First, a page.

3D scanning with the iPhone lidar
As you may know, the latest generation of iPhones (12 Pro and 12 Pro Max) comes equipped with a back facing lidar camera. 3D capture is for me the natural evolution of capture, and I have been waiting for this day to happen for almost 10 years.
A number of 3D captures apps got recently released to take advantage of this new capability. I’ve tested pretty much all of them, and have been scanning extensively for the past 3 months. I often get asked which apps do I recommend, and how do I get nice captures. Here is a post about my go-to apps, what I like about each of them, and some general tips for iPhone lidar scanning.
So here are my 6 go-to scanning apps, they all come with direct export to Sketchfab:
Scaniverse generally works well out of the box, is fast and easy to use, generates great textures, and does a good job at closing holes. Make sure to process your captures in ultra mode. I like to use it for scanning things like cars. This frozen mini is one of my best lidar scans. You can find all my Scaniverse captures here, and get the app here.
Polycam is very fast and does a great job at textures. You can process in HD mode, and get instant measurements. I like to use it for scanning things like rooms or murals and street art. You can find all my Polycam captures here, and get the app here.
3D scanner app
3D scanner app has a ton of options, giving you a lot of control. For example you can easily decimate or trim in app, and you can even trim with a sphere. I find the app particularly great for smaller things, like this dollar bill. Make sure to use the HD mode. You can find all my 3D scanner app captures here, and get the app here.
Record3D lets you capture volumetric videos, also known as 4D content, ie a 3D scan per frame of the video. Here are the first steps of my daughter below. Keep in mind that this approach outputs very heavy files, so you want to keep your capture to just a few seconds to be able to upload it to Sketchfab. You can find all my Record3D captures here and get the app here.
SiteScape is great for fast and accurate point clouds. You can adjust point density and size. I like to use it for complexe and intricate scenes or structures. Can also be great for cars. You can find all my SiteScape captures here and get the app here.
Everypoint is great for large point clouds, like this Subway mosaic. They have been teasing us with an upcoming app update combining lidar and photogrammetry, can’t wait to try it. You can find all my Everypoint captures here, and get the app here.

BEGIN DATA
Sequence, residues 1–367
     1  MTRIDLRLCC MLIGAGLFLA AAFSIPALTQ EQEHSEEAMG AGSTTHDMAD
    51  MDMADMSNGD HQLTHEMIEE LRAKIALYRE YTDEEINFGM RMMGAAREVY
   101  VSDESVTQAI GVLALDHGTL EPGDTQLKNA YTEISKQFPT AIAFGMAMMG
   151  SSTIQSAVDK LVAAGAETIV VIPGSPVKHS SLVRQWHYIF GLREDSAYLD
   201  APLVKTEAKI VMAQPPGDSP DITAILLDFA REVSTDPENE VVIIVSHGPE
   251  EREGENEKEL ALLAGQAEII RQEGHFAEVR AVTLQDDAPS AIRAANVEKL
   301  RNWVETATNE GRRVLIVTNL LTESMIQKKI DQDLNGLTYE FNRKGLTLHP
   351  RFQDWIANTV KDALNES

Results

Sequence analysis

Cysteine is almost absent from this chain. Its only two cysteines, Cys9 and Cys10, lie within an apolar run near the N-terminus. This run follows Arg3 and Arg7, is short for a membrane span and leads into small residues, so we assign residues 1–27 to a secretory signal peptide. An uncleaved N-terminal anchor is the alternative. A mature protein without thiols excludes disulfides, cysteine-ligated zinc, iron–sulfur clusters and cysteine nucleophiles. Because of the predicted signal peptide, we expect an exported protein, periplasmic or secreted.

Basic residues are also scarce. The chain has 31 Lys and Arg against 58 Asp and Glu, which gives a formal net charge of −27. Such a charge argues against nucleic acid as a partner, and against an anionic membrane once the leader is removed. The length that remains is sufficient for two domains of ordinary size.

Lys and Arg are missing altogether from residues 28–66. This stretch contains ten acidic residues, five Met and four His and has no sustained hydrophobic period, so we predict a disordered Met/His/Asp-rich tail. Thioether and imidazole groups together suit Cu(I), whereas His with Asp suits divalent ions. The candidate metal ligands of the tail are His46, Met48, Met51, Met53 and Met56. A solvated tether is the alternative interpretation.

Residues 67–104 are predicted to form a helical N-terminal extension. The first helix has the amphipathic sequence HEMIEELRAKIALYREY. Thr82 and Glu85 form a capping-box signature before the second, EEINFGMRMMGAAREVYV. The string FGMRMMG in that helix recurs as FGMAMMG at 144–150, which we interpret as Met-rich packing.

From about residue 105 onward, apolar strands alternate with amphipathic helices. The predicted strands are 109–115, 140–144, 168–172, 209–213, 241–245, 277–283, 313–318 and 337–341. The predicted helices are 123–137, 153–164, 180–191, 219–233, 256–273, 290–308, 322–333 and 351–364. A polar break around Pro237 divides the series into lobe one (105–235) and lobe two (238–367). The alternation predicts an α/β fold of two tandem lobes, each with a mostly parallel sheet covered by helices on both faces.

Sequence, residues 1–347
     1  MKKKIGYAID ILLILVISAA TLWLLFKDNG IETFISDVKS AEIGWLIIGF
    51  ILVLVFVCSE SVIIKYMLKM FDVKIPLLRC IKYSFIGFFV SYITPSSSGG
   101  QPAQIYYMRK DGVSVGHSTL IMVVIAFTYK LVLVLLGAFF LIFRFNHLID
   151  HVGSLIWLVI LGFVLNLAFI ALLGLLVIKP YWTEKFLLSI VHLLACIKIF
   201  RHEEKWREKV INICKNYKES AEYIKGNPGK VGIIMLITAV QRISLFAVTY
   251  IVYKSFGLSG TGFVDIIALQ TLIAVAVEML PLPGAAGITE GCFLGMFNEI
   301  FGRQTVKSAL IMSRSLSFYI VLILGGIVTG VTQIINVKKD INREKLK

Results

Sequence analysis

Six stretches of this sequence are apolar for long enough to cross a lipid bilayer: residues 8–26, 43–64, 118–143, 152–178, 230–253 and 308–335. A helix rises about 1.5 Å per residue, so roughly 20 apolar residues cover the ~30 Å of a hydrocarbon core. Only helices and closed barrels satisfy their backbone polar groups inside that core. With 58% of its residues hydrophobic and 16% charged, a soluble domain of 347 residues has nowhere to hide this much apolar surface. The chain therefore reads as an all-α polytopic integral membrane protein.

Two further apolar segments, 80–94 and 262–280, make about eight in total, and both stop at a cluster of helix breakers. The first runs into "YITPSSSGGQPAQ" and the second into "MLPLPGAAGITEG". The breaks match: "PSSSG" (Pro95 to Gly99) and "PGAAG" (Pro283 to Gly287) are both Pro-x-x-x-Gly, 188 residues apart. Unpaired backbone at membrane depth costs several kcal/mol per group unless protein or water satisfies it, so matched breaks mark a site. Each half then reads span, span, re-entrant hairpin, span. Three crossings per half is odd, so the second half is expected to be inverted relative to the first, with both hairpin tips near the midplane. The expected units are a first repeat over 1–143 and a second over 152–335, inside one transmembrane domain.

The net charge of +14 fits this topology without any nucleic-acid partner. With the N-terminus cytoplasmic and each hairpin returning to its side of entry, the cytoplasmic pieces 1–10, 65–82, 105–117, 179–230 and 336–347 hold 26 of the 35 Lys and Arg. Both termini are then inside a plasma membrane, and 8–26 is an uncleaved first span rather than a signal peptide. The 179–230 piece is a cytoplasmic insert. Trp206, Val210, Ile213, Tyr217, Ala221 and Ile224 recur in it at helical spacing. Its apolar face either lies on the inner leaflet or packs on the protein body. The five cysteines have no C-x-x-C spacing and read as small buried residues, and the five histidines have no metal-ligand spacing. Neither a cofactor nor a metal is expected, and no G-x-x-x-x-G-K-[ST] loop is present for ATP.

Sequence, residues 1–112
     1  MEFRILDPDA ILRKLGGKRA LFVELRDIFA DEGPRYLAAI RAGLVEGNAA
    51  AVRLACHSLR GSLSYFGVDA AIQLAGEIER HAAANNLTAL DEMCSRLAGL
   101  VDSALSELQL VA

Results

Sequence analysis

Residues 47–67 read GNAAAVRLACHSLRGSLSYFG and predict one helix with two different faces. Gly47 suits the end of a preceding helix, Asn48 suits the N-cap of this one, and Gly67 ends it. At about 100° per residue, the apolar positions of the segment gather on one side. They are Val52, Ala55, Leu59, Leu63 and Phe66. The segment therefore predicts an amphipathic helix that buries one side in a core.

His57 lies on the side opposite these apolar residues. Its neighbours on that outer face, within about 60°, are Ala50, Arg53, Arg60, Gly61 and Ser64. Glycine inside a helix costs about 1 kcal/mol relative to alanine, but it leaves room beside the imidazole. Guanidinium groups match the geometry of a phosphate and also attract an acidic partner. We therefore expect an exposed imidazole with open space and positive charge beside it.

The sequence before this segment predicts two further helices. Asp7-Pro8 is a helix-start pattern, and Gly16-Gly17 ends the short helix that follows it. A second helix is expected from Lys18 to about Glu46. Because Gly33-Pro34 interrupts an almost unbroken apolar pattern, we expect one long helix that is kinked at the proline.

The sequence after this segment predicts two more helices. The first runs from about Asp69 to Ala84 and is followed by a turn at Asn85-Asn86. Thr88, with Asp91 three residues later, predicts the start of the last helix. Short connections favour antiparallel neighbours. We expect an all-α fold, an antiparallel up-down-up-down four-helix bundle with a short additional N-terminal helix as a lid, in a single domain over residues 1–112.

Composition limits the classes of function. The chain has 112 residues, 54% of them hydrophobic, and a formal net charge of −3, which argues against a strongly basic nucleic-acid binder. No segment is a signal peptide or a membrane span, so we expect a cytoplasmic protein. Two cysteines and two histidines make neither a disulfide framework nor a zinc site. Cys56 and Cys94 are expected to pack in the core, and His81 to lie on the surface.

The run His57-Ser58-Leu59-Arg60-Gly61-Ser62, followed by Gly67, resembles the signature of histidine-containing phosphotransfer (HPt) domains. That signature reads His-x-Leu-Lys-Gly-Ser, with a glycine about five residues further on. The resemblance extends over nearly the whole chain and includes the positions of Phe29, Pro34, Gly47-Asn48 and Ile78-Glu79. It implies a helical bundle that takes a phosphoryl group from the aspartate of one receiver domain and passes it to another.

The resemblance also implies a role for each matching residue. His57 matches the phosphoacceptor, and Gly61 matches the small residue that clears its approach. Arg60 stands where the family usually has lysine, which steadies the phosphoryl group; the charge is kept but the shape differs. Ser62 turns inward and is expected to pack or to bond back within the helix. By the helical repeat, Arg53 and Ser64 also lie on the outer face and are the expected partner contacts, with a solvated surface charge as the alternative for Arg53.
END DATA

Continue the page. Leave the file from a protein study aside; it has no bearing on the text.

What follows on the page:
Here are some general tips when it comes to iPhone lidar scanning:
- Know what to scan. People constantly disappointed with their iPhone lidar scans are often scanning things that have no chance of giving a good result. One of the most important things to know is that it doesn’t work well with smaller things and objects. Typically a shoe is too small. Also doesn’t work great with shiny/reflective things.
- Avoid rescanning an area you have already covered, it will likely create alignment issues.
- Scanning around something small/thin - like a statue or a chair or a wall -often doesn’t work well.
- Make sure to properly cover every part of what you are scanning to avoid holes. I use a sort of spraying gesture, a bit like if I was painting with spray paint.
- Go slowly and steadily.
- A nice and clean crop makes a big difference in perceived quality. 3Dscannerapp, Polycam and Scaniverse offer in-app cropping.
- Sketchfab offers lots of features helping turn a poor scan into an ok scan. I like to add an automated baked AO ground shadow (2nd editor tab), and then post process effects like sharpness, depth of field, saturation…
- Set faces to single sided for rooms, so you can see the inside from the outside (last option in 3rd editor tab).
- Adding 3D annotations in Sketchfab is a great way to turn a scan into a mini story.
Selling your iPhone lidar scans
The Sketchfab store lets you monetize your 3D creations. I find that most of my iPhone lidar scans are still a tad below my quality threshold to put them up on my store. That being said, I’ve listed 2 of them (the mini and the doctor’s office) because customers actually asked me if they could buy them. The bottom line is that you never know how someone could make use of them, and it’s often more a matter of setting an appropriate price depending on quality and scarcity of the content. Plus the quality (and my skills) keep improving, so I expect to be able to list more in the future. Keep in mind that if you scan something with IP (like the mini), you can only list it under an editorial license.
I’m trying to post 1 scan a day in 2021. You can follow the tag #1scanaday on Sketchfab or twitter, and here is my 2021 collection. You can also join at anytime, as long as you try keeping up from there.
It’s really exciting to see that Sketchfab is already the go-to place to publish iPhone lidar captures. Happy scanning!